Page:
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Flashcards in CLOA - outline & explain how CLOA principles can be demonstrated in research Deck (16):

principles of CLOA

Principle 1: mental representations guide behaviour
Principle 2: mental processes can and should be studied scientifically


how do mental representations guide behaviour?

- behaviourists believe that there's no intervention between the stimuli and the response
- but cognitive psychologists disagree
- there are cognitive mediums between input (stimuli) and output (response)
- these cognitive mediums are based on the way the world is represented in our memory
- we never confront reality full-on; instead we interpret and perceive it on the basis of stored knowledge


why should mental processes be studied scientifically?

- viewing mental processes in terms of information-processing has made it possible to create theories on unobservable cognitive structures and processes
- these models can be tested with conventional scientific methods
- studying mental processes enable psychologists to explain what behaviourism can't
- CLOA studies can be related to BLOA and SCLOA to develop more comprehensive explanations


how do schemas support principle 1?

- schemas are mental representations
- they guide behaviour by creating expectations
- thus influencing the cognitive process of memory

Cited studies:
Bartlett (1932)
Bransford & Johnson (1972)


Bartlett (1932) - Aim

- to support the theory that memory is an active reconstructive process
- to prove that schemas influence certain details during memory reconstruction


Bartlett (1932) - Process

1. English participants were asked to read a Native American folk tale (War of the Ghosts)
2. Their memory of the story was tested using serial reproduction or repeated reproduction


Bartlett (1932) - Findings

- with successive reproductions, the story became progressively shorter
- distortions were introduced in the recollection of the story (e.g. hunting seals became fishing, canoe became boat...)


Bartlett (1932) - Conclusion

- more complex info = higher chance of distortion
- people use existing schemas to subconsciously fill in gaps in memory
- according to Bartlett, memory is an imaginative reconstruction of experience
- new information is strongly influenced by activated schemas


Bartlett (1932) - Evaluation

- very robust study with 2 ways of assessing schema use (serial & repeated reproduction)
- but culturally very specific to 1930s England
- therefore cannot be generalized to modern society as most modern English people know what seals and canoes are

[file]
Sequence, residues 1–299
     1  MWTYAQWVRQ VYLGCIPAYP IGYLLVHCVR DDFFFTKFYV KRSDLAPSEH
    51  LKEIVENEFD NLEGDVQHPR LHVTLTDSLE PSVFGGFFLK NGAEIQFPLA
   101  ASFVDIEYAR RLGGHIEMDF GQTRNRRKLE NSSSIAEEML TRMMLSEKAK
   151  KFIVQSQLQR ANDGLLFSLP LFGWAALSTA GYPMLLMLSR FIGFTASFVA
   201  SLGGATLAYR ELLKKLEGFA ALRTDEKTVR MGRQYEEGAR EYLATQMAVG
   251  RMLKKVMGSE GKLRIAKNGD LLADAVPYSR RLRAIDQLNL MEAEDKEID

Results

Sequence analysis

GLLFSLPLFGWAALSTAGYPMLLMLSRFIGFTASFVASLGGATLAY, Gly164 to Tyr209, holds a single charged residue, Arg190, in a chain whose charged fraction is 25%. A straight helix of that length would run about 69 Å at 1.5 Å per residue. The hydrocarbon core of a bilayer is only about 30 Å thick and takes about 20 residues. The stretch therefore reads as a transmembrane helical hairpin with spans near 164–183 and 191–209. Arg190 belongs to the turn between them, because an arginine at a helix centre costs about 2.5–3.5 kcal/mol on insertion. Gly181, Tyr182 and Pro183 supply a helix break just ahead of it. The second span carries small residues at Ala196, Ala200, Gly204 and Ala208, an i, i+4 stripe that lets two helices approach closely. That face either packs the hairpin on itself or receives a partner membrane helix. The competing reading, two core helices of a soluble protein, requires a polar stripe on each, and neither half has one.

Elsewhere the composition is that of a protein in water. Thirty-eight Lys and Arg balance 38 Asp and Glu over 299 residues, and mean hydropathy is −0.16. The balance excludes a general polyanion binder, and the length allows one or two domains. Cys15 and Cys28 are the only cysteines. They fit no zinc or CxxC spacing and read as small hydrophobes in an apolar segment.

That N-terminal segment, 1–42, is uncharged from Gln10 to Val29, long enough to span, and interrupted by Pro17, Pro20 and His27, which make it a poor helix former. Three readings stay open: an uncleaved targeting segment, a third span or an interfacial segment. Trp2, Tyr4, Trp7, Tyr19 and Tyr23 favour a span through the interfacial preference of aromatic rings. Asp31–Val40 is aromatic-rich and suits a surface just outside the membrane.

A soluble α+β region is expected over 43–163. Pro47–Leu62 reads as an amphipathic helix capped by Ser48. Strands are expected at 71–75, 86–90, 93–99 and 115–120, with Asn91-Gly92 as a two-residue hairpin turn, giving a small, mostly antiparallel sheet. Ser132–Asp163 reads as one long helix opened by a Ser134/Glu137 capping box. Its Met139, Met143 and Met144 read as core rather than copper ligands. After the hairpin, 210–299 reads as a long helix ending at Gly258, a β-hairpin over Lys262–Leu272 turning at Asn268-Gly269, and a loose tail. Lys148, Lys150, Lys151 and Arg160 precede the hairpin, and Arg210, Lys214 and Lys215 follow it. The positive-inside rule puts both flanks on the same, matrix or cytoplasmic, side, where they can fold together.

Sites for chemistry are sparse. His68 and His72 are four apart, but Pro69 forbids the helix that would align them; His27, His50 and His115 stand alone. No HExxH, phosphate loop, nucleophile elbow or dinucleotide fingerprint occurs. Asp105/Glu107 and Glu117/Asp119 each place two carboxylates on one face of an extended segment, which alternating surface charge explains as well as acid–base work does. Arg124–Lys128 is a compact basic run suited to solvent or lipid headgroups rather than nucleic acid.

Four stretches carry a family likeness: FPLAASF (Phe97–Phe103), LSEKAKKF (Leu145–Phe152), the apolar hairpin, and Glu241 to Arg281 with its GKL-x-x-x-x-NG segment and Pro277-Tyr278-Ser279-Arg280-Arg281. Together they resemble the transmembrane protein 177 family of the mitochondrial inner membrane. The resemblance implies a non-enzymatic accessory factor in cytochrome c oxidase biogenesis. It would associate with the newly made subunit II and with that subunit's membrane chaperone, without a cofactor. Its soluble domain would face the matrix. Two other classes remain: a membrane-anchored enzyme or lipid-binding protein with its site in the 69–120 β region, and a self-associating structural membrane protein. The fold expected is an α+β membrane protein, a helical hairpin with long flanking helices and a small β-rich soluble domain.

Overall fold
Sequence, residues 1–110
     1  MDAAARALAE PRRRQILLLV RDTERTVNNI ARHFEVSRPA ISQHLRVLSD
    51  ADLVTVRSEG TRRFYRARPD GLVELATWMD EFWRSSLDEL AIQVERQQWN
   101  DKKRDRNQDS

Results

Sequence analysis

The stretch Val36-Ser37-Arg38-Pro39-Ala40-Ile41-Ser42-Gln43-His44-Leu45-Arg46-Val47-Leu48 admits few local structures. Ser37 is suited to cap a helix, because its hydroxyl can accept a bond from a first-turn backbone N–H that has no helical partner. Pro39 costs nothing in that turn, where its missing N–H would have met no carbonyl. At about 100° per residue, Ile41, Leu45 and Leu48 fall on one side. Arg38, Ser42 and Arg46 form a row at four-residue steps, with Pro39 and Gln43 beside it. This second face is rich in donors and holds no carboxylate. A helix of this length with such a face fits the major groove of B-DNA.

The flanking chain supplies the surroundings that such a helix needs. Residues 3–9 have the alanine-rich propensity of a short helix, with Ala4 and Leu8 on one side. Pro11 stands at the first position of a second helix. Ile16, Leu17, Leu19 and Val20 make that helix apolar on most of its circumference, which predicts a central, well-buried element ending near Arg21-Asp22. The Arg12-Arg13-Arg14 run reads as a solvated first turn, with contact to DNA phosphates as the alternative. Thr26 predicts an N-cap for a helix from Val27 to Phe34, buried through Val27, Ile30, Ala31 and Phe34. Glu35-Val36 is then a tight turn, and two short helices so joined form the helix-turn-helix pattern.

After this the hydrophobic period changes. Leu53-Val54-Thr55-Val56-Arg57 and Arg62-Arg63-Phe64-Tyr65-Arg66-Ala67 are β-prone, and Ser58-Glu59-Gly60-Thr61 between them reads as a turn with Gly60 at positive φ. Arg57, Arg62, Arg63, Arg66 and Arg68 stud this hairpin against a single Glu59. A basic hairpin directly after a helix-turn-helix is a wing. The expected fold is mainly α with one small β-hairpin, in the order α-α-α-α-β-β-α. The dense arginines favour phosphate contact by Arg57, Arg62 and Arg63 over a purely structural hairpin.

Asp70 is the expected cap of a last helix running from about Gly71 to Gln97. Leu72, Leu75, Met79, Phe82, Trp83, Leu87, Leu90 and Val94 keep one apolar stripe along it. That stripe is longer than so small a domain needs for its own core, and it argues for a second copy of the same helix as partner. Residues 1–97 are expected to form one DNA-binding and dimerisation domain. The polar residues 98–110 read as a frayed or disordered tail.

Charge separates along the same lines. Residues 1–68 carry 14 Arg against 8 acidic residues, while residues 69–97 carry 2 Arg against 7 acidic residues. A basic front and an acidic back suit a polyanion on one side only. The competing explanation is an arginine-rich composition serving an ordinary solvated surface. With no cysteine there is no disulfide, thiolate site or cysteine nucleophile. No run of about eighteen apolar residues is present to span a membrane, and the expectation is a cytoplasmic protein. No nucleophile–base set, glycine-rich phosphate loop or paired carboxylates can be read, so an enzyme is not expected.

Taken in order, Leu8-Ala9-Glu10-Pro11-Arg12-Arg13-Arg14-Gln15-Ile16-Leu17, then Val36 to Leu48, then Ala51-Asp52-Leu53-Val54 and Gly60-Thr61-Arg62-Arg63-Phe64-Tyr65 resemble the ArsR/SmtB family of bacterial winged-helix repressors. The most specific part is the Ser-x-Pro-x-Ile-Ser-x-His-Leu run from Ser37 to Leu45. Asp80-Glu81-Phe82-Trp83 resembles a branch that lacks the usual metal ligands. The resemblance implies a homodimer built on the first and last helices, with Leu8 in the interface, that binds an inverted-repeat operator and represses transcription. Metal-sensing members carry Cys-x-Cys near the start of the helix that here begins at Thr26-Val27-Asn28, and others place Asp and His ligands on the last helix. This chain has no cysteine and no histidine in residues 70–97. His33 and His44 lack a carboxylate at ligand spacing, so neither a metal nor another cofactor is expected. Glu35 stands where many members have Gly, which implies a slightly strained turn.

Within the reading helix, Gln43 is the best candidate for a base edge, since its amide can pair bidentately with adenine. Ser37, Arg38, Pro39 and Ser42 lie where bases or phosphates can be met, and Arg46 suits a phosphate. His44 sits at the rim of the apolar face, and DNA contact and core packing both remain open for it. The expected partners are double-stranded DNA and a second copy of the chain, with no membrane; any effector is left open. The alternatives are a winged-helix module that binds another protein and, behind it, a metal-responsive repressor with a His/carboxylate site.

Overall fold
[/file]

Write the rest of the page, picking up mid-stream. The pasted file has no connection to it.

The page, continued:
- unsophisticated methodology: Bartlett didn't explicitly ask for accurate reproductions; environment not controlled


Bransford & Johnson (1972) - Aim

to identify the processing stage at which schemas are likely to exert influence


Bransford & Johnson (1972) - Process

1. Participants heard a long speech that made vague references with no context
2. 3 conditions:
- no title
- title before
- title after
3. Participants were asked to indicate how easy they found it to understand the speech, and were asked to recall as much of it as possible


Bransford & Johnson (1972) - Findings

- participants of the 'no title' and 'title after' conditions found the paragraph much more difficult to comprehend
- participants of the 'title before' condition remembered much more of the speech


Bransford & Johnson (1972) - Conclusion

- in the 'title before' condition, the background information given prior to the speech activated schemas involved with the subject
- this helped disambiguate the speech
- perceiving the passage within the context defined by the relevant schemas improved understanding.
- in the 'title after' condition, the context was given too late for participants to comprehend the material as they had already forgotten most of it


how does memory support principle 2?

- memory is a mental process
- it's scientifically investigated using free-recall experiments
- where variables are controlled
- the focus is on remembering impersonal material that can be tested on many subjects

Cited studies:
Loftus and Palmer (1974)


Loftus & Palmer (1974) - Process

1. Participants watched car accident videos.
2. They were asked how fast they estimated the cars were going when they hit. The action verb "hit" was replaced with contacted, smashed, etc., with different groups.


Loftus & Palmer (1974) - Conclusion

- phrasing used in the question affected the memory
- due to the schema activated by the chosen verb
- shows that schemas can affect memory
- supports the unreliability of reconstructive memory

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